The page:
At this time, the PSR specifications come handy. They are designed for interoperability between PHP libraries. The key specifications include PSR-4 for easy installation of modules, PSR-7 and PSR-17 for implementation independent request and response handling, and most importantly, PSR-15 for request handler and middleware. I actually implemented a micro-framework containing only minimal functionality (a PSR-15 application shell, error and exception handlers and a few view classes) which can serve as a starting point for a modern web application in MVC.
I then rewrote the back-end of my whole website on my framework with clear separation between models, views and controllers, version controlled in git, application code organised in classes outside the document root, developed and tested locally before deploying to my web server using SFTP. The following screenshot shows my website source code as a project in my IDE, clearly organised into models, views and controllers.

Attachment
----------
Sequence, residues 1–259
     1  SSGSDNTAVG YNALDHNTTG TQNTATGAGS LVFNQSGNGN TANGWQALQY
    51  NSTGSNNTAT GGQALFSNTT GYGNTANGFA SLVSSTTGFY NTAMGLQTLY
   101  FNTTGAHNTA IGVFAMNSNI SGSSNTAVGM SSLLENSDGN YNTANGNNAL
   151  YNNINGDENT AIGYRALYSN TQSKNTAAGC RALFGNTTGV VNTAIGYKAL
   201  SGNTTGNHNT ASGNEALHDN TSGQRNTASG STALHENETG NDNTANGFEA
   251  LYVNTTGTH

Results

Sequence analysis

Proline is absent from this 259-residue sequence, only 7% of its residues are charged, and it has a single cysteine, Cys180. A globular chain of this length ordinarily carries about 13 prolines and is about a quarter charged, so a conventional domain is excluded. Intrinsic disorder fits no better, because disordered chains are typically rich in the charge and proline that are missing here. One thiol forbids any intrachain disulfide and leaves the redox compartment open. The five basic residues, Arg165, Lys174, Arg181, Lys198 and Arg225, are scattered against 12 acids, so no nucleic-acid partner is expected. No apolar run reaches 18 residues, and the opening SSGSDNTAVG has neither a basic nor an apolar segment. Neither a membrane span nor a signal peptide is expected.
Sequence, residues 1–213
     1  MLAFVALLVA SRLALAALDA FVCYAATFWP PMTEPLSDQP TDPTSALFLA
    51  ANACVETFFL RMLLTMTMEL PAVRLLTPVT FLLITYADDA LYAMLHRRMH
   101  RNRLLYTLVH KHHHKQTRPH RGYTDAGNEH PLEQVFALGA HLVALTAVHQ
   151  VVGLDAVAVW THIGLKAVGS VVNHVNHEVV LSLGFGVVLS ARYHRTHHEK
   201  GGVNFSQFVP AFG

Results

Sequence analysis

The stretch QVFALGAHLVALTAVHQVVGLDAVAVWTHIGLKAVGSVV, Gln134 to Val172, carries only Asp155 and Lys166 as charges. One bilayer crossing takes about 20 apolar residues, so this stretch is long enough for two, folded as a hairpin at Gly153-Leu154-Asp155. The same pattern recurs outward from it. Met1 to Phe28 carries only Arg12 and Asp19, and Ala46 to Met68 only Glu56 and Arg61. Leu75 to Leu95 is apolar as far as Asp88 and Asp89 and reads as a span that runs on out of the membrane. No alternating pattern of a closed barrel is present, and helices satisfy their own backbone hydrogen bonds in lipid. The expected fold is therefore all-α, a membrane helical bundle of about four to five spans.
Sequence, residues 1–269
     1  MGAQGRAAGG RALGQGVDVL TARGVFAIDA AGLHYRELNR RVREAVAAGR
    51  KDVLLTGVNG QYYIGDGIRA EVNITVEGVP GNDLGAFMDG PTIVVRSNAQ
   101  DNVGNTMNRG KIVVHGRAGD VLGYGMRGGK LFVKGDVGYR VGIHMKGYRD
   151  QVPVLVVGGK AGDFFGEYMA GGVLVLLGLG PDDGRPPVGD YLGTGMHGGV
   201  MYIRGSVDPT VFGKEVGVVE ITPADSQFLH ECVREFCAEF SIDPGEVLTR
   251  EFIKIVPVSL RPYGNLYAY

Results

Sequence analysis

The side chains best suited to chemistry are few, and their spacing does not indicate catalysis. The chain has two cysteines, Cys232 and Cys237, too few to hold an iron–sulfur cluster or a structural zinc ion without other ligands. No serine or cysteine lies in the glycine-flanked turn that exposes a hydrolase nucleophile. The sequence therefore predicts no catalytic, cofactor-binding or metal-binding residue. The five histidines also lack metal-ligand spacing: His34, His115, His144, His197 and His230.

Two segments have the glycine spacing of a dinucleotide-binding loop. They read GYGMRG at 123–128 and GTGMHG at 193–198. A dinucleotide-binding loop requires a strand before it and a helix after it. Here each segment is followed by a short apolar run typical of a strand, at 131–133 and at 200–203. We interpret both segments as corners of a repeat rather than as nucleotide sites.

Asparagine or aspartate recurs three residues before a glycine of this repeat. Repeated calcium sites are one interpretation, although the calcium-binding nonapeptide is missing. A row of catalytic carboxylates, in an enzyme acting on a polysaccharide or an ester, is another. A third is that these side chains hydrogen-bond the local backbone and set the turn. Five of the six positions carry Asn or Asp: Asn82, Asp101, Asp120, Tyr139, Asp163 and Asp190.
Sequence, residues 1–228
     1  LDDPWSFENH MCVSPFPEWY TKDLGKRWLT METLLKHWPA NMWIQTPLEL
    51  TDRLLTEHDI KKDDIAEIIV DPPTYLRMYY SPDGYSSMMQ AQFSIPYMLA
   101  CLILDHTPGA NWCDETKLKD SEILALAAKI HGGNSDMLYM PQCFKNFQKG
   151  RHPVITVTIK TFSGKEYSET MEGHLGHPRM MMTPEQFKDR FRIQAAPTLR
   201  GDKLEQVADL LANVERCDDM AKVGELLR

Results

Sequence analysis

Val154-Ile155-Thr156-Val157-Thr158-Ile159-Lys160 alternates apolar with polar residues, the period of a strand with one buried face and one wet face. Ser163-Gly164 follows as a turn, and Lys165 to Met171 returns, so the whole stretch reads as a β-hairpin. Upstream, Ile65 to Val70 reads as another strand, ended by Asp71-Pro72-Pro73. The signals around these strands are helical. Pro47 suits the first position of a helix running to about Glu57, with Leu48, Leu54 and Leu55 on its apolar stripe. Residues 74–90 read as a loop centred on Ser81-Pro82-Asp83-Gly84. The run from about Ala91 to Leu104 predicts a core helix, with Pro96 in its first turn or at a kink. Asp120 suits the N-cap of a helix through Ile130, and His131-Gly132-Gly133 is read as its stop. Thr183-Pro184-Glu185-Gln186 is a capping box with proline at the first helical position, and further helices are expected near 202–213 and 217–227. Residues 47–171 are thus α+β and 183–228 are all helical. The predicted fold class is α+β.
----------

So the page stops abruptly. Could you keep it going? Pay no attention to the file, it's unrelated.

The work of modernising a website cost me about 15 hours, but the down time was minimal because nearly everything was done in my workstation, only at the end of the process I pushed the “upload to live” button in my IDE, and only very few bugs (mainly related to path handling) had to be fixed afterwards.
To conclude, my website has evolved for 3 generation:
1st generation (from 2010): HTML 4.01 / XHTML 1.0 frontend and only simple CSS served from legacy PHP
2nd generation (from 2016): Beautiful modern responsive design in HTML 5 and CSS compiled from SASS served from legacy PHP
3rd generation (from 2018): Beautiful modern responsive design in HTML 5 and CSS compiled from SASS served from a PHP application using MVC framework
Most of the technical debt of my website has been repaid, and the main remaining thing to do is to decouple my models from my database, because in the rewriting process I just moved the database queries into the model as named constructors for temporary use since I am planning to rewrite my database as well.